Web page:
The Italian Embassy hosted the Impact Exchanges panel discussion on Monday 23 January 2017, at 6pm, focused on the current state and future challenges of social impact policy in the post-Brexit referendum U.K.
The panelists who participated to the discussion were the following:
1. Cliff Prior, CEO at Big Society Capital
2. Jason Eis, Executive Director at Vivid Economics
3. Karl Richter, co-founder and Executive Director at EngagedX, appointed advisor on social impact investing to UNDP and OECD
The discussion started with the opening remarks of H.E Pasquale Q. Terracciano, Ambassador of Italy in London, who underlined the important role played by Social Impact Investing, as a self-standing activity, in filling the gap between the private and the public sector to implement social services. He also mentioned the leadership of the U.K. in the Social Impact industry in Europe, which has mainly been possible thanks to its easy access to funding and its liberal economy.
The floor was then taken by Filippo Addarii, who, after thanking all the presents, opened the debate on which will be the possible outcomes of Social Investing after Brexit by making a series of questions to the three panelists.
The questions to the panelists were accompanied by a live poll experiment to take onboard participant feedback. This experiment is part of PlusValue’s role in the European Commission Horizon 2020 Programme for the project Distributed Global Financial Systems for Society (http://www.dolfinsproject.eu/). The EU-funded research project addresses the global challenge of making the financial system better serve society, putting scientific evidence and citizens’ participation at the centre of the policy process concerning finance.
The objective of the experiment is to understand from the participants what are the key “hot topics” of impact investing and how best to move forward, strengthening the sector. Participants’ answers will feed into the event conclusion and the main results will be sent to the event attendees.
What’s the true mission of impact investing: transforming welfare services, improving philanthropy, funding charities, redeeming finance or something else?
· The mission of SII is to deliver effectively social impact
· Finance can do more for the society and the development sector
· The main objective of SII is to increase the quality or quantity of the social or environmental outcomes beyond what would otherwise have occurred, where the counterfactual is that ordinary, socially neutral investors would have provided the same capital in any event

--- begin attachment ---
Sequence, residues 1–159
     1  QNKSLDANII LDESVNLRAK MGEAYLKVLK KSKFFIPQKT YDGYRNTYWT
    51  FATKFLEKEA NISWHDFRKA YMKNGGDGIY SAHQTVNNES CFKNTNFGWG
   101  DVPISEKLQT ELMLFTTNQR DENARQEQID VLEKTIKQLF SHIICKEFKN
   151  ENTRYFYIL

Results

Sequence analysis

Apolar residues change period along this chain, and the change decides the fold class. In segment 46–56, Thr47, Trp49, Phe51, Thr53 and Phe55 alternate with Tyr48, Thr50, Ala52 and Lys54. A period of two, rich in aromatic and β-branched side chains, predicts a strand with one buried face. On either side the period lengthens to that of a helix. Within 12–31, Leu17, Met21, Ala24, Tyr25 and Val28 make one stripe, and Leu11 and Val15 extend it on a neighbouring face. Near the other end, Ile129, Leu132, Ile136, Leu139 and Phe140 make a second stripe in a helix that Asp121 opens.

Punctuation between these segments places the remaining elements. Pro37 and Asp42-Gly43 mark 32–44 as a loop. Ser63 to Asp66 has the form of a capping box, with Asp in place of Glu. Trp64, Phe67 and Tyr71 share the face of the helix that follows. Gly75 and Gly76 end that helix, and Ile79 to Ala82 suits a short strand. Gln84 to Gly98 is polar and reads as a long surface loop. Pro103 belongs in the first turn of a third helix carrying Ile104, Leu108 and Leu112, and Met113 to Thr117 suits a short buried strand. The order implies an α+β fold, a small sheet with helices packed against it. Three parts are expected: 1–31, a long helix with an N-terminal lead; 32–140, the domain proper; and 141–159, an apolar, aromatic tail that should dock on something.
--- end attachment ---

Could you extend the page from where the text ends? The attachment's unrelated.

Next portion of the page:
What is the priority for the Impact Investing agenda in the U.K.?
· Have a significant achievement with demonstrable benefit to increase the confidence of investors
· Improving how impact is delivered
· Taking impact investing into the mainstream
· Helping social organizations reduce the gap with commercial investors
· Demonstrate to the skeptics how social impact investments can provide financial returns
What’s the impact of impact investing? Politicians and investors are uber-excited about impact investing, but has it made any difference? Rising inequality, anti-establishment sentiments seem proving that it hasn’t made any difference to the lives of ordinary people.
· SII is still a quite small and young sector by today’s standard, accounting for less than $100 billion – strategic capital is needed, organisations need cash
· There is little evidence on the efficiency of SII compared to other forms of investments
· Today, almost 60% of the SII funds go to developed countries where the social impact needs are different
· Cliff: we have metrics but nobody invented the rules!
o Impact management – does it tell me that I’m doing better? This is the most important aspect, which is often forgotten
o Principles need to be developed – who owns the impact? Usually people think gov owns the impact
o What does good look like to you?
· Karl: how to connect mainstream finance and SDG (Social Development Goals)
o How to achieve the interface between the two?
o How can commercial finance and philanthropy work together?
What’s a fair profit in impact economy? We heard – but it’s not confirmed – of investors earning double-digit returns on SIBs after government having made billing in cuts to public services
· Profit isn’t of secondary importance, it shouldn’t be frowned upon – “there is nothing wrong with profit” (Jason Eis)
· Much social investments go into very risky and quite early staged initiatives, that rely on unstable government funds
· Social investment is cheaper than commercial investment but it is less available to the organizations that would benefit from it
· Funding gap
o Incentive needed for social impact – for example SIBs have incentives
o The aim is to know how to calculate a marginal financial incentive
· When companies sacrifice profit there must be a strong social reason
· Real companies always have an impact in society